China is preparing to send its top official on Hong Kong affairs to this crown colony amid increasing warnings from Peking over the development of a democratic form of government here during the transition period before the territory reverts to Chinese rule.

Only 11 days after China upset Hong Kong's political calm by criticizing the territory's electoral reforms, news of the visit by the mainland's top Hong Kong affairs official, Ji Pengfei, has heightened uncertainty.

Ji will be the highest ranking Chinese Communist to make a public visit to the British colony since the founding of the People's Republic of China in 1949. The specific date of his visit has not been released.

The 76-year-old former foreign minister is a member of China's State Council and the director of the council's Hong Kong and Macau affairs office. Ji was an important participant during the two years of negotiations about Hong Kong's future after 1997, when sovereignty over the territory will revert from London to Peking.

Ji's visit has been under consideration for some time, according to reliable sources, and will come at a time of sharply increased tension between the two governments about the degree of autonomy Hong Kong will have after 1997.

On Nov. 21, China's top official based in Hong Kong, New China News Agency Director Xu Jiatun disrupted political calm in the British colony with an accusation that the British had "deviated" from the Sino-British agreement signed only last December by the British and Chinese governments.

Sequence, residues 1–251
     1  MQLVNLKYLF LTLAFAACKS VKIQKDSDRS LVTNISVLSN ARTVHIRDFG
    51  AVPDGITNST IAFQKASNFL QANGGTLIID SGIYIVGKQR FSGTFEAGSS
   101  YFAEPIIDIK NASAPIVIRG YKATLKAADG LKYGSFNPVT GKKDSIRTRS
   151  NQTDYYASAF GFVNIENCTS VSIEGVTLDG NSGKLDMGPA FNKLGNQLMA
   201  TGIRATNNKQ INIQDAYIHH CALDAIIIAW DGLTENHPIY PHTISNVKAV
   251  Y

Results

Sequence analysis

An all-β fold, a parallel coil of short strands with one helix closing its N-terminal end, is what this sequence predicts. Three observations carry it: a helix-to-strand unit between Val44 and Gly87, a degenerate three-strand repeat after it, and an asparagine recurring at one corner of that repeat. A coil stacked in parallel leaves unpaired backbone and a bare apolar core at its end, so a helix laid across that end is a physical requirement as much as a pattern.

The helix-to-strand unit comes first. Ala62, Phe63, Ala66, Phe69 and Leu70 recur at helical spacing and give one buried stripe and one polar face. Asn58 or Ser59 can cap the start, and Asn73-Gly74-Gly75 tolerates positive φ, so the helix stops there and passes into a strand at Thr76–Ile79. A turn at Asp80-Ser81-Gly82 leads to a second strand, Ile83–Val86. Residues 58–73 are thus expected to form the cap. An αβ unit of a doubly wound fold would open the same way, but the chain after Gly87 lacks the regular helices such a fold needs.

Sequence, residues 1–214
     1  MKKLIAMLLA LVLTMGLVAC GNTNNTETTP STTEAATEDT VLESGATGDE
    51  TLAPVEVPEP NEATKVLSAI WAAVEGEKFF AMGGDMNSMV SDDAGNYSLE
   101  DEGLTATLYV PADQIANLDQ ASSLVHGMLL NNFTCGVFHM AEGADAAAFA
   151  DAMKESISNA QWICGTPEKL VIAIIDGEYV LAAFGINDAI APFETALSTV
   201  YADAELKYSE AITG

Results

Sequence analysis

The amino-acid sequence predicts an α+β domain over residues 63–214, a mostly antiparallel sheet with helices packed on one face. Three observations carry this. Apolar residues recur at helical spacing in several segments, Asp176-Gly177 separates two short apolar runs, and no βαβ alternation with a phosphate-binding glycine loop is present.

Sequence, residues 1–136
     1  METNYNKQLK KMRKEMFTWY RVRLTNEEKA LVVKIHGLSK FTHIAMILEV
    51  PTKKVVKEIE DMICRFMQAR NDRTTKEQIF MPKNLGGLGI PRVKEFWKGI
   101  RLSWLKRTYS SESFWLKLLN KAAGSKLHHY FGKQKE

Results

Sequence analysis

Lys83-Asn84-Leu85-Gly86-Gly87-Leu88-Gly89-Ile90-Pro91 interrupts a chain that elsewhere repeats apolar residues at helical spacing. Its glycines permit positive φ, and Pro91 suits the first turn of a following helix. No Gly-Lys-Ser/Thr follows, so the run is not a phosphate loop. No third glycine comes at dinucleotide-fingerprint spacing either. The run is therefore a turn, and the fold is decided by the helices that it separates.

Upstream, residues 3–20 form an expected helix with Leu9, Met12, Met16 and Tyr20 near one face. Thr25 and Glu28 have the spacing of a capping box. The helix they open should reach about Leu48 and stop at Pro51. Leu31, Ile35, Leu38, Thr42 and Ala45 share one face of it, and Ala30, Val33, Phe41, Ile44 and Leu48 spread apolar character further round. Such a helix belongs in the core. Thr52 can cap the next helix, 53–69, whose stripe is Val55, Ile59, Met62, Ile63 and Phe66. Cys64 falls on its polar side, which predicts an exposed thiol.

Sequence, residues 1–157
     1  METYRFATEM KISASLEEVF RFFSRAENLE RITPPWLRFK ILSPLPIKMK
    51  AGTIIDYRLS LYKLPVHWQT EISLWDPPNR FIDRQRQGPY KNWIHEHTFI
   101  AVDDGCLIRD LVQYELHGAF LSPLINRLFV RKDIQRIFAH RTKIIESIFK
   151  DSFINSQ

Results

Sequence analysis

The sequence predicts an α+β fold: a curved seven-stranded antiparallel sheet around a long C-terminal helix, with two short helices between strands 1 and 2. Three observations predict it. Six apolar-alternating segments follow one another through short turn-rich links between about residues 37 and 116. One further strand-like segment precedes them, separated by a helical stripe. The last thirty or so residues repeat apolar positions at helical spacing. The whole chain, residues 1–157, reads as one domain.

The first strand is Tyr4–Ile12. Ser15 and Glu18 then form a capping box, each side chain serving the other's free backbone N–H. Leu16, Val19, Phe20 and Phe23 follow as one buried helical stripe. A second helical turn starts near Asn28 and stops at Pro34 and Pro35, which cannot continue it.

By "deviation," Xu appeared to be referring to the addition by the Hong Kong government in September of some indirectly elected seats to the traditionally appointed membership of the local legislature.

On Friday, Peking appeared to be playing down Xu's comments, when Ke Zaishuo, chief Chinese delegate to the Sino-British liaison group overseeing the transition period, said he saw no evidence of British deviation from the terms of the 1984 joint declaration.

Ke's attempt to mollify Hong Kong public opinion did not impress advocates of political reform in Hong Kong. This week's issue of the Hong Kong left-wing publication Outlook carried hints from Hong Kong affairs expert Ji to the effect that the Peking government would intervene in Hong Kong's affairs if serious changes affecting the 1997 period occurred during the transition.

Diplomats have said that they interpreted Xu's attack as an attempt to preempt the development of local democracy before Peking has a chance to draft its own political system for the territory.

One source close to the Hong Kong government said that China would lose credibility if it tried to affect public opinion directly, "but they can try to shoot it down through the British."

They also read Xu's threats as a "warning shot" only five days before the liaison's group's second session in Peking, which ended yesterday.

During the talks, Chinese officials again raised the question of whether Britain had broken the spirit of the agreement. The atmosphere during that part of the discussion was described as "very tense."